Joy Ho is an illustrator and cartoonist based in Singapore who works on freelance projects internationally. She recently graduated with a BFA in Art History and Book Arts degree from Maryland Institute College of Art (MICA) and has busied herself with drawing, designing, and doing online editorial work.
We are glad for the chance to discuss how she has grown as a creator, from a kid using pencil and MS Paint, to a professional working with a team to adapt her art to 3D space.
Photo credit: Raquel Zaldivar
What got you started illustrating or drawing comics seriously?
Joy: I never really stopped drawing since I picked up a pencil. But perhaps I only started to really pay attention to the craft when I realised how intertwined comics is with the core parts of me.
Illustration and comics to me are sources of information and empathy, and it is a resource that can be communicated to others. When I could combine my personal reasons for drawing and the professional ability to execute my visions, that’s when it really started getting exciting.
Merchandise for Singapore’s first Queer Zinefest.
What are your favourite drawing tools?
Joy: I work both in ink and digital drawing, so I always have my nibs and tablet near me. I’m drawn to the ink medium, particularly for my personal work. The lines I used then were more expressive than technically clean. That tactility is what I feel gives my personal work the most strength.
As for my digital work, I was drawing in MS Paint with a mouse for the longest time! I received a tablet from my brothers for a 14th birthday gift and they prodded me to use Photoshop instead – clearly that has gone a long way.
Illustrations for the interactive exhibit: The More We Get Together: Singapore Playgrounds 1930–2030.
Many artists prefer to go for a more realistic style, why do you choose to work with a cartoony style? We think you managed to create a very adorable and distinctive look. Can you tell us a bit about how you arrived at that?
Joy: People ask about my style a lot, as most people think I’ve had this forever – but I did go through so many minor style crises and shifts in art school. That was when I really had to practice and hand in assignments daily, trying out different skills, approaches, shapes, and noting current trends or design.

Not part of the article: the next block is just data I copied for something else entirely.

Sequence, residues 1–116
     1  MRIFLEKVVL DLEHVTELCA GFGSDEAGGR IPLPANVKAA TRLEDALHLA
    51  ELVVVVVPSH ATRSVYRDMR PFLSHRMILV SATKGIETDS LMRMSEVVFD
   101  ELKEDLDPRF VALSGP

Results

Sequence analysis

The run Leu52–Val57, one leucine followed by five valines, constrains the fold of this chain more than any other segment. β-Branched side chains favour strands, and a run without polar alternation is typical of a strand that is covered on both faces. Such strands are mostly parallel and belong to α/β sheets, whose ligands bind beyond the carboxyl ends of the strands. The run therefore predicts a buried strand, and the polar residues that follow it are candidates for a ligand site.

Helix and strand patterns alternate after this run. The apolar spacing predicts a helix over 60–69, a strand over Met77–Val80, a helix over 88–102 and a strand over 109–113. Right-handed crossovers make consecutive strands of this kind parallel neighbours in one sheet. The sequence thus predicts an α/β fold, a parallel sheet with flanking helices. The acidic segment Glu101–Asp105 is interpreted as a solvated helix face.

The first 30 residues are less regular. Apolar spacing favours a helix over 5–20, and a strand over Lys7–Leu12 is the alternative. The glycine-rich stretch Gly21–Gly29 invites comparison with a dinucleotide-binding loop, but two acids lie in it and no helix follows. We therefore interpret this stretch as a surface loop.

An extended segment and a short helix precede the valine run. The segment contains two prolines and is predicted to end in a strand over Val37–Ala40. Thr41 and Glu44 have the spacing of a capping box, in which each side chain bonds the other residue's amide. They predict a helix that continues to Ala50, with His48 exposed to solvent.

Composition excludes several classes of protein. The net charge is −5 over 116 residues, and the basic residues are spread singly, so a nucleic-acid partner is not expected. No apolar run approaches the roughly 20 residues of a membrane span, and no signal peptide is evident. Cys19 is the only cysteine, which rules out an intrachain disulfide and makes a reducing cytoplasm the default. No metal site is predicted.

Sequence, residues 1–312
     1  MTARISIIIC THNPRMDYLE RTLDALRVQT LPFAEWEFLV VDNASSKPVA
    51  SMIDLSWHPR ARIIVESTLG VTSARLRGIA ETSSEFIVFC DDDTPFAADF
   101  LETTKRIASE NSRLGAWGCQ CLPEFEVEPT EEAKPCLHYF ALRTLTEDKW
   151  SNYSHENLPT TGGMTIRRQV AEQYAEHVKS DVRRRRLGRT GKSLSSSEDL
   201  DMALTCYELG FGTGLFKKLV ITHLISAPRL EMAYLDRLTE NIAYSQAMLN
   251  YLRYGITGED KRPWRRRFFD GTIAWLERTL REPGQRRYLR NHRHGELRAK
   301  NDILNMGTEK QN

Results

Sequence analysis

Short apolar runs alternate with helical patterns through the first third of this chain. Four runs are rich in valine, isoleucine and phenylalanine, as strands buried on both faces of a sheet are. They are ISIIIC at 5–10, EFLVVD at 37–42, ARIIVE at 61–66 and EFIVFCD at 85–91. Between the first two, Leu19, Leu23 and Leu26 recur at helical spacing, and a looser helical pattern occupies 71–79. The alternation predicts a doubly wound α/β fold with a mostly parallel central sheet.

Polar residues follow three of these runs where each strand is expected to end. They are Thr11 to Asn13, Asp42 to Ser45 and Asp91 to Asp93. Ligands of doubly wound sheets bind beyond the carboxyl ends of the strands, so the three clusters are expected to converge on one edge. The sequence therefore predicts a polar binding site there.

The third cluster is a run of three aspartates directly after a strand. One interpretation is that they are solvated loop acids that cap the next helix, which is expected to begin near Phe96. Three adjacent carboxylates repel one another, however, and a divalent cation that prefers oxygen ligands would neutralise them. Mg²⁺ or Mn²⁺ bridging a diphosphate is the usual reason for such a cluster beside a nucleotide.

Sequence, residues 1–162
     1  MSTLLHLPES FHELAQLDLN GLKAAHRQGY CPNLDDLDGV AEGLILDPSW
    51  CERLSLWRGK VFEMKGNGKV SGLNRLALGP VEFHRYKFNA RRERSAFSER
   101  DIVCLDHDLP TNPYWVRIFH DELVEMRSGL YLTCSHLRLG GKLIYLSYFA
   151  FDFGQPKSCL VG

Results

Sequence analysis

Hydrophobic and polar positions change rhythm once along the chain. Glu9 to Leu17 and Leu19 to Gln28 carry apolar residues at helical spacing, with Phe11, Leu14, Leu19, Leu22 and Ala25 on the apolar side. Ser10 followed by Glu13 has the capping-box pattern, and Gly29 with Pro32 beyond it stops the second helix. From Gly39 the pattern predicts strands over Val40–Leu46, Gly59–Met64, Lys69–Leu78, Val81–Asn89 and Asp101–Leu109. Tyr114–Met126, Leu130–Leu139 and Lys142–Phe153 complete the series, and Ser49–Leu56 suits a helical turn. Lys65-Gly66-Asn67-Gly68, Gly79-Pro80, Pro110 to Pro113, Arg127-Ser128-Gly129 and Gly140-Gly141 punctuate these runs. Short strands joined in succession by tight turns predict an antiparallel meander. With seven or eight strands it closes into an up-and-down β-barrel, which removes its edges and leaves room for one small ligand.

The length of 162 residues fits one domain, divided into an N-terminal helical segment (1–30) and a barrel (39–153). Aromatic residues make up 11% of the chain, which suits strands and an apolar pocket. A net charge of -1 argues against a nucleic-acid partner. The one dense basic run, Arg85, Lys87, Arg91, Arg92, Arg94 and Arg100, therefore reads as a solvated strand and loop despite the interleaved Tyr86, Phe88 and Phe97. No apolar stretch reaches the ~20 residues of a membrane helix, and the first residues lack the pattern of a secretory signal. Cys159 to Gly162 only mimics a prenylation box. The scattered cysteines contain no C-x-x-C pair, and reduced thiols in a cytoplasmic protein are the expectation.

I was stylistically impressionable, and deadlines forced me to make quick decisions. Often I was influenced by contemporary illustrators or peers in critique who I admired, rather than exploring who I needed to be as an illustrator on my own terms.
My teachers saw that and pushed me to find myself in the sketches they saw me do when I wasn’t trying to make my drawings look like anything – and that’s when it started to click.
I’d say the style of my work is often “cutesy” but scrawly, which allows me to explore the serious parts of what I hope to convey, yet in a form that is digestible. I think this is subconscious now, and I would adjust the levels of “cute” depending on the subject matter I am working on, in a manner that is tonally appropriate or deliberately ironic.
Illustrations for Six Figure Crowdfunding.
How did you find the experience of working with clients? What was it like to have your work expanded to a spatial installation or exhibition?
Joy: I enjoy that process tremendously – I think most creatives enjoy seeing parts of their creative identity projected to an environment. So far I’ve been very lucky to have opportunities to pull such things off, either by myself or with clients.
I really like collaboration, especially when someone provides me with a unique brief, a new medium, narratives I can play off on, or even a whole new skill set. I was paired with two brilliant coders who helped to bring the Singapore Playgrounds exhibit at the National Museum to fruition.
We had a constant flow of conversation with them about the parameters of the user interface and it shaped the composition of the piece itself.
Can you tell us a bit about Dogswurld?
Joy: Dogswurld is a world full of dogs that has the occasional cat. It is a concept developed from a three-page comic that I drew indiscriminately. The Dog Box comic book is an exploration of the human condition through canine eyes, investigating idealism, monotony, loneliness, and creativity.
I’ve had iterations of Dogswurld in the form of screen prints, letterpress prints or spot illustrations, and it’s been a thematically related universe I’ve gotten to play with since it came into being. I also really enjoyed turning it into a site-specific installation at the entryway space at MICA for my senior thesis show.
I wound up painting dog visitors entering the gallery alongside the display of the comic. So far the works that have come out from it have been quite experimental, and I’m hoping to develop it further.
Dog Box, a comic book that investigates idealism, monotony, loneliness, and creativity through the eyes of canines.